Sex Offender Registration

Sentencing for Failure to Comply with Sex Offender Registration Requirements

By Brandon Sample | January 2, 2019

The First Circuit Court of Appeals affirmed a federal district court’s sentencing enhancement for a defendant who served time in prison for coercion and enticement of a minor and failed to update his personal information as a registered sex offender during his term of supervised release. This article details those sex offender registration requirements and…

Plea Negotiations, Plea Deal

Judge Interferes with Plea Negotiations

By Brandon Sample | January 1, 2019

Federal criminal defendants are entitled to enter into plea agreement negotiations with prosecutors. It is a long-standing rule that federal district court judges are not to take any part in the plea negotiations between the defendant and the prosecution. In United States v. Iazzetta, the Ninth Circuit Court of Appeals overturned a defendant’s restitution order because…

Armed Career Criminal Act, ACCA

Defining Burglary Under the Armed Career Criminal Act (ACCA)

By Brandon Sample | December 31, 2018

The Armed Career Criminal Act (ACCA) applies a specific set of sentencing provisions to convicted felons who use a firearm in the commission of a crime with a prior record of violent offenses. In United States v. Stitt, the Supreme Court recently addressed the question of what exactly constitutes a burglary for purposes of determining…

Sentencing For Conspiracy

What Is the Possible Sentencing for Conspiracy?

By Brandon Sample | December 30, 2018

We hear the term conspiracy all the time. Rarely is there a crime drama where a conspiracy charge isn’t filed or threatened; or where there is sentencing for conspiracy. In fact, recently the Democratic National Committee filed a lawsuit alleging that the Trump presidential campaign, Russia, Wikileaks, and Trump’s son and son-in-law engaged in a…

Appeal Waiver

Requirement of Consideration for Appeal Waivers

By Brandon Sample | December 29, 2018

Plea deals may seem like the most opportune way for a criminal defendant to avoid having to serve the maximum sentence that he could receive for his offenses. However, the government typically has the upper hand in this situation and requires that the defendant relinquish his right to appeal the sentence. In United States v.…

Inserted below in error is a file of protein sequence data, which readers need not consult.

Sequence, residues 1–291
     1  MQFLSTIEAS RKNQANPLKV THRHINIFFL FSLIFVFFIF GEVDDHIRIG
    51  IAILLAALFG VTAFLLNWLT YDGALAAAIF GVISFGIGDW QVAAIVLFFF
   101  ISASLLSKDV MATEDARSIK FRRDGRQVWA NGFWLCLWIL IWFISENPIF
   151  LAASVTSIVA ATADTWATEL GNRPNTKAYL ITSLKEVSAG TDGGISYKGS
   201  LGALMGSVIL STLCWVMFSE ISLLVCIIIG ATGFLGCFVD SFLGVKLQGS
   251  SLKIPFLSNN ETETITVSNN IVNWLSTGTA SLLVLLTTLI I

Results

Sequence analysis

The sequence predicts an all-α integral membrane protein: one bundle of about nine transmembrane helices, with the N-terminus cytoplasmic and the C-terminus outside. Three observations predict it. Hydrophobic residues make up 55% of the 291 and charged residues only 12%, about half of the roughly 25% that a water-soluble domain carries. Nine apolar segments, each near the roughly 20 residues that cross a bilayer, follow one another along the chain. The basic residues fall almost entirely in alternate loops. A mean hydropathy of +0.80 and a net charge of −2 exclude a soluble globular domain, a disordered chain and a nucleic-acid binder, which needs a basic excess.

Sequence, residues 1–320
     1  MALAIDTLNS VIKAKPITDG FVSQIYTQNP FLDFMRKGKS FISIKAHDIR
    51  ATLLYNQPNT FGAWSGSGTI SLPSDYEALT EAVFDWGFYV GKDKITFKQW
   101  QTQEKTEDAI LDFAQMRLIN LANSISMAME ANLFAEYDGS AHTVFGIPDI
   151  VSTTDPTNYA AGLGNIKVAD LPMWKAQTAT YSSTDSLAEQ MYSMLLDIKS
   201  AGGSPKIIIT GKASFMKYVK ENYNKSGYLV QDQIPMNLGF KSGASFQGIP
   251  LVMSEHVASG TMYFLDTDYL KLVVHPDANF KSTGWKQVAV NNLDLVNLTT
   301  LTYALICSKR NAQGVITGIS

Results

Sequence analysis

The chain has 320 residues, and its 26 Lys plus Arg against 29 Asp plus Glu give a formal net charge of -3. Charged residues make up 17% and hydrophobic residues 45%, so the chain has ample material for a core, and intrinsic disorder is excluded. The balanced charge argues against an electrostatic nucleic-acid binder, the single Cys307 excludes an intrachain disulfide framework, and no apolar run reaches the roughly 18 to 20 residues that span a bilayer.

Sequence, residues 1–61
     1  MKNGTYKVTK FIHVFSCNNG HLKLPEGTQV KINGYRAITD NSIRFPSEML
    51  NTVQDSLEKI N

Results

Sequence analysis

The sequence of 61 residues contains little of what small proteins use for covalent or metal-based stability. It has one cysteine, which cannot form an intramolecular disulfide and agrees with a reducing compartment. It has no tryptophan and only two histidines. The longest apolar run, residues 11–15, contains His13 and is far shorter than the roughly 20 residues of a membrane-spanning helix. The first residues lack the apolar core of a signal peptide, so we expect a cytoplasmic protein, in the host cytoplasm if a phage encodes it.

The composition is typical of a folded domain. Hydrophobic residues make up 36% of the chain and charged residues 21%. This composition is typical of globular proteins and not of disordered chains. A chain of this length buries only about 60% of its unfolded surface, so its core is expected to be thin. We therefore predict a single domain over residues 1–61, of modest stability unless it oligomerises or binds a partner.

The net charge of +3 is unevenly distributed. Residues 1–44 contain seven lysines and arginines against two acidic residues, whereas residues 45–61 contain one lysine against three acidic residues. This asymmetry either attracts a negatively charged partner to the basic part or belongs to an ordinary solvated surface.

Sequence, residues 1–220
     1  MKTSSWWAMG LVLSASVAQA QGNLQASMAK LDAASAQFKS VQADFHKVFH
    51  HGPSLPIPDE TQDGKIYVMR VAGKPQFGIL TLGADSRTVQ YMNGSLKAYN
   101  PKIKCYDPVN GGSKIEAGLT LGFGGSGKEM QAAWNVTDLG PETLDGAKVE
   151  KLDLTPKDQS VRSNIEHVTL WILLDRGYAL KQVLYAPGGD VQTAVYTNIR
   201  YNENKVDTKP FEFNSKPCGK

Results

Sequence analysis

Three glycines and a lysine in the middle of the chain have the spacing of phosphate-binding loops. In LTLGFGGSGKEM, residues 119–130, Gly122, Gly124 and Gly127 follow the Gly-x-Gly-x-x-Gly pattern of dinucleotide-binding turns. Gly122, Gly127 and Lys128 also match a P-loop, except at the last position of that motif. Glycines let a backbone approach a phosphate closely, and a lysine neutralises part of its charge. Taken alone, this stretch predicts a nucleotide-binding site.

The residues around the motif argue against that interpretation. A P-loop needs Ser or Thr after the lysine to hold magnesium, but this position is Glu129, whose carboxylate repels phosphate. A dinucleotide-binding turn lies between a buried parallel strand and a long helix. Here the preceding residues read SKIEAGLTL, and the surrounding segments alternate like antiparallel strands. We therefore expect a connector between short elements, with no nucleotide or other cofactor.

Fair Sentencing Act

Fair Sentencing Act of 2010: Retroactivity FAQs

By Brandon Sample | December 28, 2018

With the passage of the First Step Act of 2018, there’s a whole lot of people, both in and out of prison, that have kicked their hustle game into high gear. But this can be very dangerous, particularly when the individual giving “advice” does not know what they are talking about. That is on top…

Habeas Corpus Petition

A Rare Win for Habeas Corpus Petitioner

By Brandon Sample | December 26, 2018

Habeas corpus, otherwise known as the Great Writ, is a way for the defendant to challenge his detention by the government as unlawful. Given that courts so rarely grant writs of habeas corpus, the petition is sometimes considered a last-ditch strategy to avoid serving a prison sentence. In fact, courts have issued habeas corpus writs…

Sentencing Modification

Requirement to Explain Sentencing Modifications

By Brandon Sample | December 25, 2018

Sentencing modifications are typically good news for a criminal defendant. In fact, it seems odd that a defendant would appeal a reduction in his prison sentence. However, if a defendant receives a reduction that is less than what he thinks he is entitled to, he may try to challenge the judge’s decision, especially if the…

Supervised Release Term

Supervised Release Term Appeal Potentially Goes Awry

By Brandon Sample | December 24, 2018

One of the key strategic decisions in deciding whether to appeal a criminal sentence is whether there is a possibility to receive an even harsher sentence. In the case of United States v. Lopez-Pastrana, the First Circuit Court of Appeals overturned a supervised release term that was imposed on a defendant who was not actually sentenced…

Right to a Jury Trial

Challenging Waivers of Right to a Jury Trial

By Brandon Sample | December 23, 2018

Federal courts are obligated to err on the finding that a constitutional right has not been waived in a criminal case. This is true for a defendant’s right to a jury trial. What is ordinarily a mundane issue of federal criminal procedure recently ended up generating an overturned conviction in a fraud case. In United States…